As the storms of winter taper off and skies turn to blue, it's a natural time to brush out the cobwebs at home and get things in order for warmer days ahead. But whether you call it decluttering, spring cleaning, or a simple tidy-up, it's probably likely that cleaning up your credit and financial info isn't a bullet on that checklist. However, isn't now always the best time to recommit to keeping your financial house in order? Here are a few simple ideas to help you make a clean sweep to ensure you're running a tight ship:
1. Update your filing system
You might not necessarily need to buy a bunch of file folders or get crazy with a label maker, but make sure you're able to put your hands on the important documents you're saving. Overwhelmed by winter paperwork? Going through all your mail is an important step, and so is purging the information you won't need in the future, so all you have to file (whether digitally or in a small home setup) are the essentials.
2. Set and forget
If your utility and insurance payments aren't locked into an autopay schedule each month, reevaluate why you haven't made the jump yet. Missing a bill payment on a credit account can ding your credit scores in a completely preventable way, so consider starting automation with your utilities if you haven't automated an account yet. When you activate autopay on credit accounts, you can make sure your scores won't slip if your memory does.
3. Say goodbye to the old
Hanging onto more than just memories from the past? If old items are filling up your attic, garage, and/or basement, it's time to consider moving then along. Marie Kondo, a decluttering and efficiency expert, recommends that you keep only the things that "spark joy" for you when you hold—not to be confused with nostalgia. Hold a yard sale, advertise on Craigslist, and help your possessions move on, putting cash in your wallet as you watch them go.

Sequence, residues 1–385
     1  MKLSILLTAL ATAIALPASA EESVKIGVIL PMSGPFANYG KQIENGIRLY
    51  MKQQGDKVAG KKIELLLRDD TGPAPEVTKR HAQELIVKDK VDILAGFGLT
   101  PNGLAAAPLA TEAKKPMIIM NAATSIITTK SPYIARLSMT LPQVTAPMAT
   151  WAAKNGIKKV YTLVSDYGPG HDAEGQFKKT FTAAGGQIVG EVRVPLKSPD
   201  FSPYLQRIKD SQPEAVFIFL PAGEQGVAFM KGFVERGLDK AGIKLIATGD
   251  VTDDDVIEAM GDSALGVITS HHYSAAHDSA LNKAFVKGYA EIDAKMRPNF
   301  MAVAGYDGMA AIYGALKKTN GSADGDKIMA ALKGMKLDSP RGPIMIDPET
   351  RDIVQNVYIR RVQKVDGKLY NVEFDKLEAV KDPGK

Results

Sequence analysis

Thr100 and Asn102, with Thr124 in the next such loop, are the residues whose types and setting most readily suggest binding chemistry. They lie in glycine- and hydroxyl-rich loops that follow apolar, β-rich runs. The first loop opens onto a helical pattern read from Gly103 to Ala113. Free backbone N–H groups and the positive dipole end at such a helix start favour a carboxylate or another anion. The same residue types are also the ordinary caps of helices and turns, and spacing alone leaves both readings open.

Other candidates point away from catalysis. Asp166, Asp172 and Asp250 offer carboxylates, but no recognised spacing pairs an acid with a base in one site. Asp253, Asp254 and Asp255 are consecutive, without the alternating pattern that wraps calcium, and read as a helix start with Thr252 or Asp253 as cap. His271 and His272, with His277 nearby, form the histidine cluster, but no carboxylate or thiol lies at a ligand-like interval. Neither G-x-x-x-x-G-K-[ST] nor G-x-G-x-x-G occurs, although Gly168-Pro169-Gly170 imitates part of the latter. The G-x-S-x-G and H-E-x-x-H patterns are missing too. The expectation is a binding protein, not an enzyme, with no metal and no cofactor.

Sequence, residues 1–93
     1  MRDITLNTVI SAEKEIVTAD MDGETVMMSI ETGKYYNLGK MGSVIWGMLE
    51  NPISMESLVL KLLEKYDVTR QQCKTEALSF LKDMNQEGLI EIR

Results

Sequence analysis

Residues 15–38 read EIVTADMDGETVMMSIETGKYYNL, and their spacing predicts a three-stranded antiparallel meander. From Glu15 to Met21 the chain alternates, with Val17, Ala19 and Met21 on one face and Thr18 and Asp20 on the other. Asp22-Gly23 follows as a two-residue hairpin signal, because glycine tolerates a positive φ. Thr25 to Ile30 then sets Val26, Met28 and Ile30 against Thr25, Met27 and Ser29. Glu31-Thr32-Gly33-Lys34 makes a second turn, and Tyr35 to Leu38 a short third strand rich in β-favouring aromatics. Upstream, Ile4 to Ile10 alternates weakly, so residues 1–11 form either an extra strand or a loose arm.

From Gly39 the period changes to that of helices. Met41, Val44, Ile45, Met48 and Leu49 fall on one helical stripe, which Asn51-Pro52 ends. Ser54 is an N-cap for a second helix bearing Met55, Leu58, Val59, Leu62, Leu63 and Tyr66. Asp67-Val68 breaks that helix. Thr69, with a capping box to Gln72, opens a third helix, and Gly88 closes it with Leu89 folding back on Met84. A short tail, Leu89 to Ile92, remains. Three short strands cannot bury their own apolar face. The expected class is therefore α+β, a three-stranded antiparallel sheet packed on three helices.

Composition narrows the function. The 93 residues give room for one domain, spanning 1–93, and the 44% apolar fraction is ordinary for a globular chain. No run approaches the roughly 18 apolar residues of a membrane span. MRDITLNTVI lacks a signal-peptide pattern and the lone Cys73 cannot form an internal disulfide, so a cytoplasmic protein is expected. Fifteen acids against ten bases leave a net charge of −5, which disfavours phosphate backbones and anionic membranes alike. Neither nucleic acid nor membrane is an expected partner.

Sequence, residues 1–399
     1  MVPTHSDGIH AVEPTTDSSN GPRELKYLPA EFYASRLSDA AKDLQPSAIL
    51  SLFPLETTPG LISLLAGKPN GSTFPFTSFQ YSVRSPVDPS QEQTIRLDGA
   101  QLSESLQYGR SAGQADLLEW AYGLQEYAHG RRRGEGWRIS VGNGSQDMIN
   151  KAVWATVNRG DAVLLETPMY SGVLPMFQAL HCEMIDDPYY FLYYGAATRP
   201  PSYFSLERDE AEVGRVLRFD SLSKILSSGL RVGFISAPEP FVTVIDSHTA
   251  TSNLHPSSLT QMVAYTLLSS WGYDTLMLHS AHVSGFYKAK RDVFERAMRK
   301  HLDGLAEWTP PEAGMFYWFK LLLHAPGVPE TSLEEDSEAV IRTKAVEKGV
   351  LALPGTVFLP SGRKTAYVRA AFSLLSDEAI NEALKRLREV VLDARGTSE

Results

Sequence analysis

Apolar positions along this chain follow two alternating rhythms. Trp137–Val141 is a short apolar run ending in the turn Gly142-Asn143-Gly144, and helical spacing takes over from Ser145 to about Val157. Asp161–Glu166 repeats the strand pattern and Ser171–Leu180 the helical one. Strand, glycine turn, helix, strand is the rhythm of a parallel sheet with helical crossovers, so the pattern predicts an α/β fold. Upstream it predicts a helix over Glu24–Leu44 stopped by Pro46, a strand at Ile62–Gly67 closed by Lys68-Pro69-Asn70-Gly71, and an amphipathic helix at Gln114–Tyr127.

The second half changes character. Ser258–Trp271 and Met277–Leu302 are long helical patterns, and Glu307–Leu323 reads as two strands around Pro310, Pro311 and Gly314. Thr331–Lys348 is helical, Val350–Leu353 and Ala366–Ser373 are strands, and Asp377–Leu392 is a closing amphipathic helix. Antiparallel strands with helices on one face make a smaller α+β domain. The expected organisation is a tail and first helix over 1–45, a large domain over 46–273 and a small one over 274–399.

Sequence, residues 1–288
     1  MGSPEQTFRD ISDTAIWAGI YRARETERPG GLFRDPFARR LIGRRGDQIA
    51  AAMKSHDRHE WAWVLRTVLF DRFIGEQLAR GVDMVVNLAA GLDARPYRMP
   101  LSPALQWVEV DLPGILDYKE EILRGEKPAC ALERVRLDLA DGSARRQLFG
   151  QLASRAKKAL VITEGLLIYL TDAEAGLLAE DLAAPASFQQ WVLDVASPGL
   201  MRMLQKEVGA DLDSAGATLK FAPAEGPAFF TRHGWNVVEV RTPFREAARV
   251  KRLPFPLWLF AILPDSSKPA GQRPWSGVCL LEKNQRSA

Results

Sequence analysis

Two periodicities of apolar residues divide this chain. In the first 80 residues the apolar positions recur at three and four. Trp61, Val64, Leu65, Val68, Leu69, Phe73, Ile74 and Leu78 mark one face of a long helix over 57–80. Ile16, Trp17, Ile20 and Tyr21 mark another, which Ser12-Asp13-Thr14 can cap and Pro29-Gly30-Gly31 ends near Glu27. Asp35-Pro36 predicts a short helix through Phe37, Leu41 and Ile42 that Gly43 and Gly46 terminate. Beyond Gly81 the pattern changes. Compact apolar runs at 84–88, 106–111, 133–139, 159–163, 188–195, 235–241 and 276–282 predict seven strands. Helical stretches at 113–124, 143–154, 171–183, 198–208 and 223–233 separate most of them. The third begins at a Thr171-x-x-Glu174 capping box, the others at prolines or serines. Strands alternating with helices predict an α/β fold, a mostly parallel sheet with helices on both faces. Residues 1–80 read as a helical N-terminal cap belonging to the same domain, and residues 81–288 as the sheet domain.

4. Check in on savings
Unexpected emergencies are as much a part of life as the good times. Check in on your emergency fund savings account for a rainy day. Experts recommend saving for at least six months of living expenses in case of a job loss, which would allow you to use your saved funds instead of living off of credit cards.
5. Protect passwords and devices
If you're still using the passwords you created when you first set up your email account, stop reading this article and update them immediately! Security experts differ on exactly how often they recommend you update your passwords, but the recommended minimum is at least once a year. A regular update to passwords is a good idea to help keep your identity theft risk limited and your accounts less vulnerable to unauthorized access. And remember, complex passwords—with a combination of letters and numbers that aren't easily guessable—are preferable to the old standbys of "password" or "12345" that still rank among the most commonly used.
Cleaning up your habits hopefully has you charged up for a smooth summer ahead. As the days grow longer, you won't have to feel overwhelmed by old clutter, under a mountain of unopened mail, or with all your accounts protected by simple, stale passwords.
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